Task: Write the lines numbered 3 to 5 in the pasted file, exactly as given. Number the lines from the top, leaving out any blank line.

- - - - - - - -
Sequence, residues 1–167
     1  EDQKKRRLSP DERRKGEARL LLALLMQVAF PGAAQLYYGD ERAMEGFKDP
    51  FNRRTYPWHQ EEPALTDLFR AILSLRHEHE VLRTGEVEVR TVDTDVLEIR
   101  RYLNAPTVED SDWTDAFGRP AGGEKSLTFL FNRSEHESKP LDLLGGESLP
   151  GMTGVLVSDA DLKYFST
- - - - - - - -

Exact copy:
    51  FNRRTYPWHQ EEPALTDLFR AILSLRHEHE VLRTGEVEVR TVDTDVLEIR
   101  RYLNAPTVED SDWTDAFGRP AGGEKSLTFL FNRSEHESKP LDLLGGESLP
   151  GMTGVLVSDA DLKYFST